Miller plants his outside foot and cuts underneath across the field (yellow arrow), while Gilbert is chipped by Burton and picks up Cohen, who starts his route by sprinting toward the sticks (blue arrows).
In the red circles, Robinson and Burton clog the middle of the field, allowing Miller to run free underneath them. Cohen (blue arrow) has yet to cut upfield while Trubisky drifts closer to the far hashmark, indicating his two primary reads on the play are Miller and Cohen.
This play takes a little while to develop, but Trubisky has good pass protection (at the bottom of each of these stills, Matthews was easily knocked to the ground by Leno). The middle of the field clears out, but Miller runs behind the chains and is picked up by Jackson (yellow arrow). Trubisky’s pass tips off Miller’s hands for an incompletion. At the top of the screen, Cohen executed his wheel route well and seemed to have a step on Gilbert.
“You go back and watch the film, sure, there are a couple things here or there but where he ended up going with the ball is something where he had conviction with (it) and that’s what we tell him all the time,” Ragone said. “You go back there, you put your feet in the ground, you have command and conviction with what you’re seeing in your throw. Unfortunately it didn’t work out.”
Wide receivers coach Mike Furrey thought the play could’ve worked had Miller came down with the ball because Jackson would’ve had to make a diving tackle on Miller. That the rookie wide receiver was short of the sticks was smart, Furrey said, because had he stayed running along the line-to-gain he would’ve been hit with no chance of converting the yardage.
“He came underneath and I thought he was very smart by doing that because if you can catch that coming underneath and the guy’s gotta make a diving tackle and he kind of gets behind him, which he was, he’d have had a chance to get out of that,” Furrey said.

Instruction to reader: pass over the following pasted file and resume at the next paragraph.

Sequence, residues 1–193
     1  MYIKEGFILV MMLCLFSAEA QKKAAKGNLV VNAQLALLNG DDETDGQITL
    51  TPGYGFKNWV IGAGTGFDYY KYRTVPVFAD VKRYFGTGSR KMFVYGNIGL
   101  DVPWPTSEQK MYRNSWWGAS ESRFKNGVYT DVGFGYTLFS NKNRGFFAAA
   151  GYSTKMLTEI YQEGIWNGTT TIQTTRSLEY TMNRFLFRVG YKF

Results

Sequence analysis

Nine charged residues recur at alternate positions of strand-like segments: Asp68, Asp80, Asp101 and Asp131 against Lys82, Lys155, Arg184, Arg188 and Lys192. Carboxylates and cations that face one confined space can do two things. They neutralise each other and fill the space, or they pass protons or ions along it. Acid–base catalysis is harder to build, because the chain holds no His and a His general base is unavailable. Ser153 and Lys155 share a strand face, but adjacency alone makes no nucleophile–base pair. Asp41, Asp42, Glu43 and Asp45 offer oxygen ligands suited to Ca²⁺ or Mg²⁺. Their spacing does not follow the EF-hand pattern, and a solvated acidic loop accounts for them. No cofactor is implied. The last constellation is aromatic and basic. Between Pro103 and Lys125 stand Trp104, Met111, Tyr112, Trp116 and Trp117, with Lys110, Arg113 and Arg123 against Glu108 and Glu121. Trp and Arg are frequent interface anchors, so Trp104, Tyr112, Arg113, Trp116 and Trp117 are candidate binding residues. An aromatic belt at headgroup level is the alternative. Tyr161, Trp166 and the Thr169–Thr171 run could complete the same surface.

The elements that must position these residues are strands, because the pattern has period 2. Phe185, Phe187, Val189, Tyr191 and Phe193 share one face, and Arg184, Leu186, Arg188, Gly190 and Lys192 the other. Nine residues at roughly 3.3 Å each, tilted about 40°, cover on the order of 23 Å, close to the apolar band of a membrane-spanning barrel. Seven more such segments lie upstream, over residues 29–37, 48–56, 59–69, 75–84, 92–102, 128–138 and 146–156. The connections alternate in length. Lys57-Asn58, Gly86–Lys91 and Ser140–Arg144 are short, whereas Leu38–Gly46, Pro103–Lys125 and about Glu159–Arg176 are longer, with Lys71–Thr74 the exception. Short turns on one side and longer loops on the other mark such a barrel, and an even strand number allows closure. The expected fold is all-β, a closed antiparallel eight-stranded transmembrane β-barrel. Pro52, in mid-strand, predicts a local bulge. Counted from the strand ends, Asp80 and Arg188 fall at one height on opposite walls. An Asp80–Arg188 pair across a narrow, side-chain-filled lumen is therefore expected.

The concluding thoughts here: The playcall that led to the no-gain pass to Sims is more questionable than the pass to Miller. That failed conversion was more about the play not working, despite being executed relatively well. Clinton-Dix deserves credit for executing his assignment well on it, too.
The latter play needed better execution, whether it’s Miller not catching the pass or Trubisky not looking the way of Cohen, who might’ve had a step on Gilbert going toward the end zone (of course, it’s often too easy to criticze players when looking at still images from the comfort of home). Still, that was a playcall Nagy didn’t second-guess.
“We had a play that we really liked,” Nagy said. “… We have a lot going on there. We have some crossers. We had a swing route. We were good with that.”
Still, the prevailing question remains: Why not give the ball to Jordan Howard?
Nagy, to his credit, was self-critical in his Monday press conference regarding some of his play-calling, including the third-and-one pass to Sims.
“There’s gonna be times and you go back and forth, always looking at yourself, what could you have done better, what could you have called better,” Nagy said. “There’s definitely some in there that you look at yourself, I look at myself and say, ‘Hey, should I have done this or should I have done that.’ But this is stuff we prepare for all week long and you get into situations and you take a chance now.
“Hindsight’s 20/20, you look back and you say, ‘Oh, you wish you would have ran the ball there.’ But we didn’t, and so that was the play call we went with. I think every game’s gonna be a little different than just saying, well you should’ve ran the ball. Every game’s gonna be a little different based on how the defense is playing that game.”